Merrill C. Meigs Field Airport was a single runway airport in Chicago that was in operation from December 1948 until March 2003. The airport sat adjacent to downtown Chicago, the second largest business district in North America. Chicago mayor Richard M. Daley forced the closing of Meigs in 2003 by ordering the overnight bulldozing of its runway.
About Meigs Field in brief
Merrill C. Meigs Field Airport was a single runway airport in Chicago that was in operation from December 1948 until March 2003. The airport sat adjacent to downtown Chicago, the second largest business district in North America. Chicago mayor Richard M. Daley forced the closing of Meigs in 2003 by ordering the overnight bulldozing of its runway without notice, in violation of Federal Aviation Administration regulations. Northerly Island, owned by the Chicago Park District, is the only lakefront structure to be built based on Daniel Burnham’s 1909 Plan of Chicago. The island was to be populated by trees and grass for the public enjoyment by all. It was also the site of the Century of Progress in Chicago. Chicago’s first airplane flight took place in 1910 in Grant Park, with an international aeronautical exhibition at the same location in 1911. In the 1930s the Chicago City Council and Illinois State Legislature passed resolutions to create the airport, but both the poor economy and World War II intervened. In 1946, airport construction began. On June 30, 1950, the airport was officially renamed Merrill C.Meigs Field, named after Merrill Meigs, publisher of the Chicago Herald and Examiner and an aviation advocate. By 1955, by 1955, had become the busiest single-strip airport in the United States. In 1968, Gopher Airlines was operating nonstop service between the airport and Minneapolis and St Paul, Minnesota.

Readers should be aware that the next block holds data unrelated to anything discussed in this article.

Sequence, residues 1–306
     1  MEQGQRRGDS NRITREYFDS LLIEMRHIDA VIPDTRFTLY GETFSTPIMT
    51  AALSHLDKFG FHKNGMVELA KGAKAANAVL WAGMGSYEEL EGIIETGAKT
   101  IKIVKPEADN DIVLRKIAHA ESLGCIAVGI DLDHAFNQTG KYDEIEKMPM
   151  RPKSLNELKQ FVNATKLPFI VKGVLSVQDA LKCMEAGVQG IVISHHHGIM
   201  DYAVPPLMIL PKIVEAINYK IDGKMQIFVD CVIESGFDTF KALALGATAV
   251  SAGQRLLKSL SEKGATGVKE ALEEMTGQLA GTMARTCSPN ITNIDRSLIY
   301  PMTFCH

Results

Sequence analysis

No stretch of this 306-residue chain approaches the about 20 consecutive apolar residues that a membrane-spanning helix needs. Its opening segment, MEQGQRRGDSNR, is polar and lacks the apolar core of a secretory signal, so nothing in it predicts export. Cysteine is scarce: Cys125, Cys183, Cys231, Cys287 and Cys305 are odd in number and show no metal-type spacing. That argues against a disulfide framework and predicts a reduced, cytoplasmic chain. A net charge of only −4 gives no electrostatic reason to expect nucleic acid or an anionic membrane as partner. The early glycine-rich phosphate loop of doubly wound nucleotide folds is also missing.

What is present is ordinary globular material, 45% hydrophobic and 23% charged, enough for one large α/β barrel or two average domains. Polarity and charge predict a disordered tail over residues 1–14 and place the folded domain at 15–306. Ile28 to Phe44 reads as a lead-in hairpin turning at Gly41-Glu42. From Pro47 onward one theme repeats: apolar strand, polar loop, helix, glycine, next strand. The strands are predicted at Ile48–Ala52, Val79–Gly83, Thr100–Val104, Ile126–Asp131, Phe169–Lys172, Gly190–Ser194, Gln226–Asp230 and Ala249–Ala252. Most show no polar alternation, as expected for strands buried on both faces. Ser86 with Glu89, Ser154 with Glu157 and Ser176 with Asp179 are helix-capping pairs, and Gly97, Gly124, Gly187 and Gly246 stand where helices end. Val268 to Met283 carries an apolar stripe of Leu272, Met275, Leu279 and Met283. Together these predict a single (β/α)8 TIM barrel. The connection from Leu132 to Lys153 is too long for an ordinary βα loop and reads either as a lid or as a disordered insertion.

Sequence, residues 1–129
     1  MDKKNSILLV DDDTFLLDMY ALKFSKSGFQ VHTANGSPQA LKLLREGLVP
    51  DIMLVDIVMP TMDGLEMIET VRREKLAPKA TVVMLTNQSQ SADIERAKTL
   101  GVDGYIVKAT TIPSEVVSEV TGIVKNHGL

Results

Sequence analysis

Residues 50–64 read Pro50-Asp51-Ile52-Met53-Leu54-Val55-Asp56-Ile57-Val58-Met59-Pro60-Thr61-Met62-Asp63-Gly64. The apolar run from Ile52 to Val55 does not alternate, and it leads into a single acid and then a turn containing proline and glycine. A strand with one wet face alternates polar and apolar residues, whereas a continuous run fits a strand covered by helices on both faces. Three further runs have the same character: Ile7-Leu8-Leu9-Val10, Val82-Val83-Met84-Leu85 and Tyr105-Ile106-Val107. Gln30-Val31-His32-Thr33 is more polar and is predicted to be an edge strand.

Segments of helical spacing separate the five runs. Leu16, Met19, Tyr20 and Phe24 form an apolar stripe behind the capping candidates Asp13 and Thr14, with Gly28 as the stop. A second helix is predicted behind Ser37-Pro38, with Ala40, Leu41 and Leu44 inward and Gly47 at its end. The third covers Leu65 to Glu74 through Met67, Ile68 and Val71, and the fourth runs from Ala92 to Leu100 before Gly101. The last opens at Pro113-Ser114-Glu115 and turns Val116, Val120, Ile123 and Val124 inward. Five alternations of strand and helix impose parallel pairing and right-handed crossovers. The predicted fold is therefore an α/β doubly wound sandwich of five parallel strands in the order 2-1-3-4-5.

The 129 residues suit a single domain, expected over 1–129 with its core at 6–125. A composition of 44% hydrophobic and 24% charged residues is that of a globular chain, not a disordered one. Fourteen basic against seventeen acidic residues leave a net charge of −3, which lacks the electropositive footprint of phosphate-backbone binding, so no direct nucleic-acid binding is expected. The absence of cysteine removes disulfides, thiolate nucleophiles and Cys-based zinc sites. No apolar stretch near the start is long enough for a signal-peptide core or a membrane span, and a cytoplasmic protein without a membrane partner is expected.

During the mid 1950s, Illini Airlines. was operating scheduled passenger service between Freeport, WI, Rockford, IL, Madison, IL and Sterling, IL with de Havilland Dove and Piper Navajo twin engine prop aircraft. From the early 1960s to the early 1990s, typical intrastate destinations were Springfield, Springfield, and Carbondale, IL. Corporate aircraft also used the airfield including Cessna Citation and Dassault Falcon 10 business jets, and Beechcraft King Air and Grumman Gulfstream I business propjets. The Main Terminal Building was operated by Chicago Department of Aviation and contained waiting areas as well as office and counter space. The north end of the runway was near the Adler Planetarium, near McCormick Place. The runway at Meig’s Field was nearly 3,900 by 150 ft. In addition, there were four public helicopter pads at the south end ofthe runway, nearMcCormick Place, near. McCormickplace. In 1928, the Chicago Association of Commerce, representing the business community, also advocated for the lakefront airport. That same year the Illinois state legislature deeded 24 acres of adjacent lake bottom to Chicago for additional landfill, to make the property large enough for a suitable runway. In 1920, Chicagoans approved a bond referendum to pay for landfill construction of the peninsula, and in 1922 construction began, with the 1933 World’s Fair occupying the just-completed peninsula.